When you have twins like we do, stuff generally enters the house in pairs (toys, clothes, etc.), and you really don’t need two of everything. But we were rarely successful at nudging family members towards college fund contributions as presents. We hope you have better luck than we did, and the new-ish UGift program might help. Keep trying!
However, we were diligent about plowing any surprise savings into our children’s accounts. The school options we preferred for our children meant that we paid tuition for most of their K–12 education, but for the three years our children attended the Metro Early College STEM School, a tuition-free public school, those extra funds went into the 529 instead. We also benefited from a couple of strong stock market rallies, as well. Here’s hoping for more of those in your future, too.
We didn’t do anything complex or fancy—we just started early and were slow, steady, and focused throughout. The mantra of “out of sight, out of mind” helped tremendously. We cannot overstate the value of budgeting, and it was probably second nature in some ways for us because we were used to paying out of pocket for K–12 education. But even the smallest automatic deposit will grow exponentially with enough time.
Start early, don’t stop, save whatever you can—and if a little extra comes your way, drop that in there, too.
Ease of distribution
The biggest surprise for us came when it was time to actually pay for college. It’s where the “this investment is actually real money” revelation finally dawned. As noted above, CollegeAdvantage funds are not just for college tuition, but since that’s where we were always headed, here’s what we know.
Colleges, particularly private colleges, are not as expensive as you might fear. Fill out your FAFSA, be honest about your financial resources, and talk to every institution rep you can find. Ask questions and really listen to the answers. College fairs are fun, interesting, and eye-opening. College visits are even better, and many schools will help pay for visits to make sure you get there and can see what they have to offer. It’s exciting to see your child’s name on a big welcome sign on a visit day—even more so if they happen to fall in love with the place.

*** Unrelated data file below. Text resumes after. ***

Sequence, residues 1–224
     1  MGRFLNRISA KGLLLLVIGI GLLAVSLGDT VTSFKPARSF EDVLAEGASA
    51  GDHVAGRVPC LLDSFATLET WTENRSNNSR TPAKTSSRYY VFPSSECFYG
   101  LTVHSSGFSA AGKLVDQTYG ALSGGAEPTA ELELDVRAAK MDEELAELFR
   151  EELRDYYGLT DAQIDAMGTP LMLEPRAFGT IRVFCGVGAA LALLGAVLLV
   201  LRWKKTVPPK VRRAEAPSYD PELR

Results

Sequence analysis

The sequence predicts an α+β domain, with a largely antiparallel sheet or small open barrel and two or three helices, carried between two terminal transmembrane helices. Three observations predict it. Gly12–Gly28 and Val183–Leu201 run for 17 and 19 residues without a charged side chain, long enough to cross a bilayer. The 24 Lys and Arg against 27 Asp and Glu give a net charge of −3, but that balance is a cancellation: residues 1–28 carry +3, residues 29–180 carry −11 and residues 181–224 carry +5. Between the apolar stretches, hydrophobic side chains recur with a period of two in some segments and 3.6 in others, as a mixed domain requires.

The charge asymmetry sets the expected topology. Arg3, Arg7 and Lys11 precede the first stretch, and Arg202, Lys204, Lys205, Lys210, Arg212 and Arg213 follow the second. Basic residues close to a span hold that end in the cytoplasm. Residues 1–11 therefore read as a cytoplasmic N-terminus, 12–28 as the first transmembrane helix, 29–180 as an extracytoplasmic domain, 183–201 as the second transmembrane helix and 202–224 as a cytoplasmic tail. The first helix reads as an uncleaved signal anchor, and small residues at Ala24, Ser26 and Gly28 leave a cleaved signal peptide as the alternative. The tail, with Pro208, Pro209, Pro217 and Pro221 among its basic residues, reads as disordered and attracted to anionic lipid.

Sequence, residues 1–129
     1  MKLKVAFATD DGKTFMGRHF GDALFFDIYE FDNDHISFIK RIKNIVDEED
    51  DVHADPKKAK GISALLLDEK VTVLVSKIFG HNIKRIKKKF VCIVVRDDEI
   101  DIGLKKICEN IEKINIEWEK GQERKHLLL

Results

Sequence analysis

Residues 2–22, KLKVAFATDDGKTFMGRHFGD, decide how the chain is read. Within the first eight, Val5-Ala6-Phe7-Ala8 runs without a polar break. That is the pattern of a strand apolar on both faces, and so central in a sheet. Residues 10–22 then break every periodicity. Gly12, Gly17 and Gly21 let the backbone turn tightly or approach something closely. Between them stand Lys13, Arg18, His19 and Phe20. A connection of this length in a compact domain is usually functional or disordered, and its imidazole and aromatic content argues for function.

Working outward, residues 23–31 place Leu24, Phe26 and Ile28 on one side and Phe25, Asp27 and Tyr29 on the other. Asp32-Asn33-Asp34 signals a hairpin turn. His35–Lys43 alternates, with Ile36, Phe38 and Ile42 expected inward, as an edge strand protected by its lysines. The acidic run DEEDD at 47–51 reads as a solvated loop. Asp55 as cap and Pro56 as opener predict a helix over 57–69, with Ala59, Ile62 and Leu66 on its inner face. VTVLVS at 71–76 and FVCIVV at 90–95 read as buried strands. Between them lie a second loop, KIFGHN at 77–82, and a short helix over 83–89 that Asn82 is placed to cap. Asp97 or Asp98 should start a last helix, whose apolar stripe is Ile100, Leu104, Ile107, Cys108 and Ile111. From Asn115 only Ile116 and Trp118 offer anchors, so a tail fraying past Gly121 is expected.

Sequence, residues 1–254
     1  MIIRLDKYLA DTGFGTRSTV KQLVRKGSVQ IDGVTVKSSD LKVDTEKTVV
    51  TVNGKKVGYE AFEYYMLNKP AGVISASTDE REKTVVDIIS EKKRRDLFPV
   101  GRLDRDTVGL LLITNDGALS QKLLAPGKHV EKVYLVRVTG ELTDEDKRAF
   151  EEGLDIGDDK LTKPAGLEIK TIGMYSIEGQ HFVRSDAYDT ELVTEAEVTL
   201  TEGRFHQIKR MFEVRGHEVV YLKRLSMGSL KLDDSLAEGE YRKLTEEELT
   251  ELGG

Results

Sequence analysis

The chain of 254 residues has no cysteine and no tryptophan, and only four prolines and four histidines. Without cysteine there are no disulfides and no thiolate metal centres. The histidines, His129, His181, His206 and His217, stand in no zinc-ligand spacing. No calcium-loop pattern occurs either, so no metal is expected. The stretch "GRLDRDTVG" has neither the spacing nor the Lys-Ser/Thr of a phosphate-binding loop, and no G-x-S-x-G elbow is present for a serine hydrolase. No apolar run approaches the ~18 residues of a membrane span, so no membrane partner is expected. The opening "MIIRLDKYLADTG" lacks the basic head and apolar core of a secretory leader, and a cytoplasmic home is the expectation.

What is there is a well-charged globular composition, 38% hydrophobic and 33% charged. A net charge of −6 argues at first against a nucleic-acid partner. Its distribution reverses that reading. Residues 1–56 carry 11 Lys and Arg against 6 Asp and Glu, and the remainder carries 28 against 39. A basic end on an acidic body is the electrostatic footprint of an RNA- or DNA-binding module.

Every college in the country will accept your 529 funds toward tuition, housing, and other fees. Both our kids went to college out of state, and there was no problem sending that Buckeye money to institutions in New York or That State Up North. While the size of your 529 account will be factored in ahead of the final tuition tally, it won’t impact scholarship consideration like other college savings approaches can. You can also choose how much of your investment you wish to spend at any given time. We split ours up across school years and semesters, but you can pay as much or as little of a given bill using 529 funds as you wish.
The bottom line: Having funds in a CollegeAdvantage account when you go to pay tuition means that your bill will be smaller. The more you have, grown tax-free over time and non-taxable when you use it on qualified expenditures, the lower the bill. We can’t say it more plainly than that.
Just like choosing a middle or high school, prepping for college is about looking ahead and investing in your child’s future. With twins, we knew from the start that higher ed was going to be a major expense, and it was something that we wanted to make sure we could provide for our children. And when you know where you’re going, getting there becomes that little bit simpler...especially with high-quality help.
Financial stability has always been important to us, and having met in planning school, we are two people who are hardwired to always think ahead. We worked hard to pay off our own student loans while our kids were young, and then turned to their education needs for the future, hoping to use Ohio’s 529 plan to reduce their chances of accruing overwhelming college debt themselves. The end of the journey is almost upon us, and the education goals we set when we became parents have been met.
You can do the same, and CollegeAdvantage can help you, too.